Sekunjalo Group dumbfounded over SCA ruling for Nedbank

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Published Dec 18, 2023


Today, December 18, 2023, judgment was handed down by the Supreme Court of Appeal (SCA) in the matter of Nedbank challenging the interim interdict awarded to the Sekunjalo group of companies (Sekunjalo) that prevented Nedbank from closing any of the company bank accounts, and reopening those already closed, until such time as the conclusion of the main Equality Court case in Sekunjalo’s claims of discrimination against it.

In a highly unusual move, Nedbank appealed an interim interdict.

Sekunjalo is utterly shocked by the so-called ‘reasoning’ behind the SCA’s granting Nedbank the right to effectively terminate any banking facility of any company associated to the Sekunjalo Group. This leaves the Group with no other choice than to appeal to the good sense of the Constitutional Court of South Africa (the ConCourt).

In March last year, Judge Mokgoatji Dolamo found that there was a prima facie case of discrimination by Nedbank against Sekunjalo in closing their accounts. In October last year, the interim interdict was appealed with Dolamo again ruling in favour of Sekunjalo. However, Nedbank subsequently took the matter to the Supreme Court of Appeal, whose findings, in a complete about turn to those of Dolamo, were released today in favour of Nedbank.

In what is a landmark case to prove discrimination in how South Africa’s banks treat customers differently according to their racial classification, this sensitive case was judged by a panel of five white judges at the SCA. Not to impugn the integrity of these judges, but it is highly unusual and especially so given that every other case at the SCA on the day that this matter was heard, had been presided over by a bench fully representative of South Africa. Why not this matter?

The judgment contains some obtuse observations, one, for example, claiming that Sekunjalo had not conclusively proven that EOH, Tongaat Hulett and Steinhoff whom it cited of being treated differently, were in fact white-owned. Sekunjalo contends that the judges did not apply their minds to this point at all.

What constitutes a ‘white’ company

At the time of Sekunjalo launching its original application, all these companies were listed on the Johannesburg Stock Exchange (JSE), were predominantly managed by white people and whose shareholders were also mainly white. Thus, in terms of the BBB-EE Act, they are determined to be “white”. These facts were common knowledge and were overlooked by the SCA.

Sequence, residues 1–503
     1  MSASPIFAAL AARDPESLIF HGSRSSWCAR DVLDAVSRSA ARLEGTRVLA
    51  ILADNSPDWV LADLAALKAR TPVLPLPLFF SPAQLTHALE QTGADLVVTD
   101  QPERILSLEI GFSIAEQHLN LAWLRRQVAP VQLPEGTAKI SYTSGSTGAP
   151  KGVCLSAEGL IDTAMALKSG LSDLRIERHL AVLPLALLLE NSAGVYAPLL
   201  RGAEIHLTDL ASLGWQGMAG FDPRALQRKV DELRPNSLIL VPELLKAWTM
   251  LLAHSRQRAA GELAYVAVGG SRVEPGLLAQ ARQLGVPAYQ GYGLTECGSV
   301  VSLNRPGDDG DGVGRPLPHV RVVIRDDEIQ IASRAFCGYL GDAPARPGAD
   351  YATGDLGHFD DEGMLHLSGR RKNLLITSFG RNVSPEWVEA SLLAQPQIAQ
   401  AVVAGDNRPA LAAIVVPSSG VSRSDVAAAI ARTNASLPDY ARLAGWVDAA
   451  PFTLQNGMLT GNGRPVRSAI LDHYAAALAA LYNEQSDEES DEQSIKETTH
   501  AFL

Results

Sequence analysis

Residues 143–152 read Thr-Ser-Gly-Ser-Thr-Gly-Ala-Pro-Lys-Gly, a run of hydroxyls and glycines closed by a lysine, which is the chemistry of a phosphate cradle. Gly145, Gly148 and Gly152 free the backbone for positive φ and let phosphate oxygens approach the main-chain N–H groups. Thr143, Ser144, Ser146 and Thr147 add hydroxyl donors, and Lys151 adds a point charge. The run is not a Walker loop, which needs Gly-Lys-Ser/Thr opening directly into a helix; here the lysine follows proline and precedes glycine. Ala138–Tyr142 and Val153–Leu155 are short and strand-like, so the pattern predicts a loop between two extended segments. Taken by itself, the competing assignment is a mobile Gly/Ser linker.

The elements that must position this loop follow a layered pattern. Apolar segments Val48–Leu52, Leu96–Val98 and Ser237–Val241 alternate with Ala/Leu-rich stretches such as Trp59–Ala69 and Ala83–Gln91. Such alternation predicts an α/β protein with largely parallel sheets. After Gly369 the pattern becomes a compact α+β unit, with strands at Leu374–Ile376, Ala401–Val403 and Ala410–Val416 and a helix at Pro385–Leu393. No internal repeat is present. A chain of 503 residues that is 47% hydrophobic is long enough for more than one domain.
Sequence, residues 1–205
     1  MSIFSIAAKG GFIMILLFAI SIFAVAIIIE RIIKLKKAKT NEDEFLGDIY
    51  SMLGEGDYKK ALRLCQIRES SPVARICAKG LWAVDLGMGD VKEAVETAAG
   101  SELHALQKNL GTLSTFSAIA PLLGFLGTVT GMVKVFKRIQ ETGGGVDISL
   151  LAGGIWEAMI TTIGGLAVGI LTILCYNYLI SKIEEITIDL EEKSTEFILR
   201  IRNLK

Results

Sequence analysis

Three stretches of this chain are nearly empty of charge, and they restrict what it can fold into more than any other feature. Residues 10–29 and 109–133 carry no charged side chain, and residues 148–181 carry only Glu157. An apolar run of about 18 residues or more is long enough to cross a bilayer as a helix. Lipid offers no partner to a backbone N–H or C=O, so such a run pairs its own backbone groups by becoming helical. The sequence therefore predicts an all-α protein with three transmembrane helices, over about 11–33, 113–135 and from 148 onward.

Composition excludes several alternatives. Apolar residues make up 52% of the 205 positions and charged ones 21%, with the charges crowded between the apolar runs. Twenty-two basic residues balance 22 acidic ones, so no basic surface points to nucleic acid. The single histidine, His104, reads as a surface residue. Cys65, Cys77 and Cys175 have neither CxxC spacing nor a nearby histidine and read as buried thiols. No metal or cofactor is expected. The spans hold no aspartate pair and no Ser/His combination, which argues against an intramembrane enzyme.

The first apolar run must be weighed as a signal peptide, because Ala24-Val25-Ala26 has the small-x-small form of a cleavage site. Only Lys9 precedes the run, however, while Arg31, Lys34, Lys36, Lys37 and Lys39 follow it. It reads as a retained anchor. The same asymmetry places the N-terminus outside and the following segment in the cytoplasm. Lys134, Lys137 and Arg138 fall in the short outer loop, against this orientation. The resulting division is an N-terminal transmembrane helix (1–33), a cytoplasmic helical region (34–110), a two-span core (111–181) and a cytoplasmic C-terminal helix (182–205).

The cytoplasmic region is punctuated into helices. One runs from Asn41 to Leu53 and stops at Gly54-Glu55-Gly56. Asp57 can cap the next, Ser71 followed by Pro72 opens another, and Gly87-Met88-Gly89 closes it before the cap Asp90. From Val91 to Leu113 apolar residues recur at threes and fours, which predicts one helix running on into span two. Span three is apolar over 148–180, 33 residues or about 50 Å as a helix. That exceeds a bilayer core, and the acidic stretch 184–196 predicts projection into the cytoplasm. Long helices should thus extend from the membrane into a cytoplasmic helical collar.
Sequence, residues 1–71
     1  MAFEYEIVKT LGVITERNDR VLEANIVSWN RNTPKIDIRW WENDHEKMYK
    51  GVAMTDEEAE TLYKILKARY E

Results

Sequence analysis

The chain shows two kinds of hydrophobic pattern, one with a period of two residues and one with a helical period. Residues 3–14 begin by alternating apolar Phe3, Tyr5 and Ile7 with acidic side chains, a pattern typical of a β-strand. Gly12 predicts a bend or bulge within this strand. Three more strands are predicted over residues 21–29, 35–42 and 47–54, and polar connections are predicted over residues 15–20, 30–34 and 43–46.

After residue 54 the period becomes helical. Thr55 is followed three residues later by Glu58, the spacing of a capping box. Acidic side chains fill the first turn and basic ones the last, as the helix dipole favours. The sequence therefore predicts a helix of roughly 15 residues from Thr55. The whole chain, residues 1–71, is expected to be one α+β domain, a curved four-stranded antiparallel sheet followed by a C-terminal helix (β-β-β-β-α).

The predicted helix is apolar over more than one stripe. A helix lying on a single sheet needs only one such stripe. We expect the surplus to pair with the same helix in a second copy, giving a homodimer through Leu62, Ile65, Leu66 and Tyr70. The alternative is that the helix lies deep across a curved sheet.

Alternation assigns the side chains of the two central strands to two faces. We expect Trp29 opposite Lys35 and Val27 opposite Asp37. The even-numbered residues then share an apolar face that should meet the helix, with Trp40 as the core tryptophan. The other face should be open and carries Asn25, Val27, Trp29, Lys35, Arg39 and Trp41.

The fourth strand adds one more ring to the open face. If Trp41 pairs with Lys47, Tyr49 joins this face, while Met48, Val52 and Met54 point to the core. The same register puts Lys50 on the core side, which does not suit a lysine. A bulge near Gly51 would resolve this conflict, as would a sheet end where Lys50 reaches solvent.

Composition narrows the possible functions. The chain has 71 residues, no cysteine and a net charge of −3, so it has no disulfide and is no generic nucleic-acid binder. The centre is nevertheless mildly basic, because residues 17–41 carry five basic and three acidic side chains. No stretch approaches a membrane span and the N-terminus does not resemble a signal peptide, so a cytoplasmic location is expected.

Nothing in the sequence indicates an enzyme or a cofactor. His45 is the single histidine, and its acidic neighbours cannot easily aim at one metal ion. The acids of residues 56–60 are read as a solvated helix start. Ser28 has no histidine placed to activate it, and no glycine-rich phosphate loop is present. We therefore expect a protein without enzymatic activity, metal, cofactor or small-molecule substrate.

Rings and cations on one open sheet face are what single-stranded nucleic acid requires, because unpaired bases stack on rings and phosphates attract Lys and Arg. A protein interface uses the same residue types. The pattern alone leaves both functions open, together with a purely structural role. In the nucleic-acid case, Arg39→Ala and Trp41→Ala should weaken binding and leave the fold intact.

Remedial Action

Also, common knowledge, is that each of these companies have been found guilty of criminal acts not least of all fraud.

Nedbank claims that these three companies had undertaken remedial action and were thus allowed to keep their accounts open.

Although Nedbank sent Sekunjalo a list of concerns, none of them demanded specific remedial action other than requesting Sekunjalo appoint an independent firm to review the Mpati Commission report – the genesis of Sekunjalo’s current challenges – which Sekunjalo did. Sekunjalo appointed Advocate Willem Heath, a former judge to conduct said review.

Sekunjalo also responded to Nedbank with comprehensive information of more than 100 pages of documents, as well as attended two separate meetings. Despite this, Nedbank claimed to the SCA they had not been provided with a proper response by Sekunjalo. There was no comeback from Nedbank to the Sekunjalo question of what a proper response looked like either. All of this, the SCA overlooked.

Most importantly, Sekunjalo has not been found to be suspected of any financial misconduct, therefore it has not been tried nor found guilty of such. Indeed, Nedbank, in writing, confirmed that Sekunjalo had not been found to have done anything wrong. Thus, there is no need for Sekunjalo to take any corrective action. This was also ignored by the SCA.

The Mpati Commission Report

Nedbank cited the Mpati Commission report for its initial determination to distance itself from the Sekunjalo Group. Again, the judges have not applied their minds to the fact that Mpati was just that, an inquiry. It was an Inquiry into the Public Investment Corporation (PIC) not any of the Sekunjalo companies. Nor did they consider that any recommendations coming out of it in so far as Sekunjalo is concerned, have already been undertaken.

The SCA failed to acknowledge that Nedbank had received the entire Advocate Willem Heath review of the Mpati Commission Report.

Heath independently and objectively found that the Mpati Commission had erred in several material aspects and that Sekunjalo has been treated unjustly. The SCA also inexplicably disregarded that Sekunjalo has launched a formal review of the Mpati Commission Report.

In light of the above, together with other clearly disregarded facts, the decision by the SCA is unreasonable and irrational. There is zero justice in Nedbank, or any other bank, destroying the businesses that are impacted by these decisions.

Sekunjalo is hopeful the ConCourt will consider the apparent discrimination against it, especially against the backdrop of Nedbank’s own admission in writing that the Group had not committed anything wrong.

We once again make the point that banks are targeting Sekunjalo to eradicate black businesses from taking their rightful place in the economy, to maintain the status quo where white-owned and managed companies continue to dominate the capital markets and economy of this country.

Sekunjalo remains standing and will continue to clear its name so that it can maintain its hitherto meaningful contribution to South Africa’s continued transformation.

Sekunjalo Investment Holdings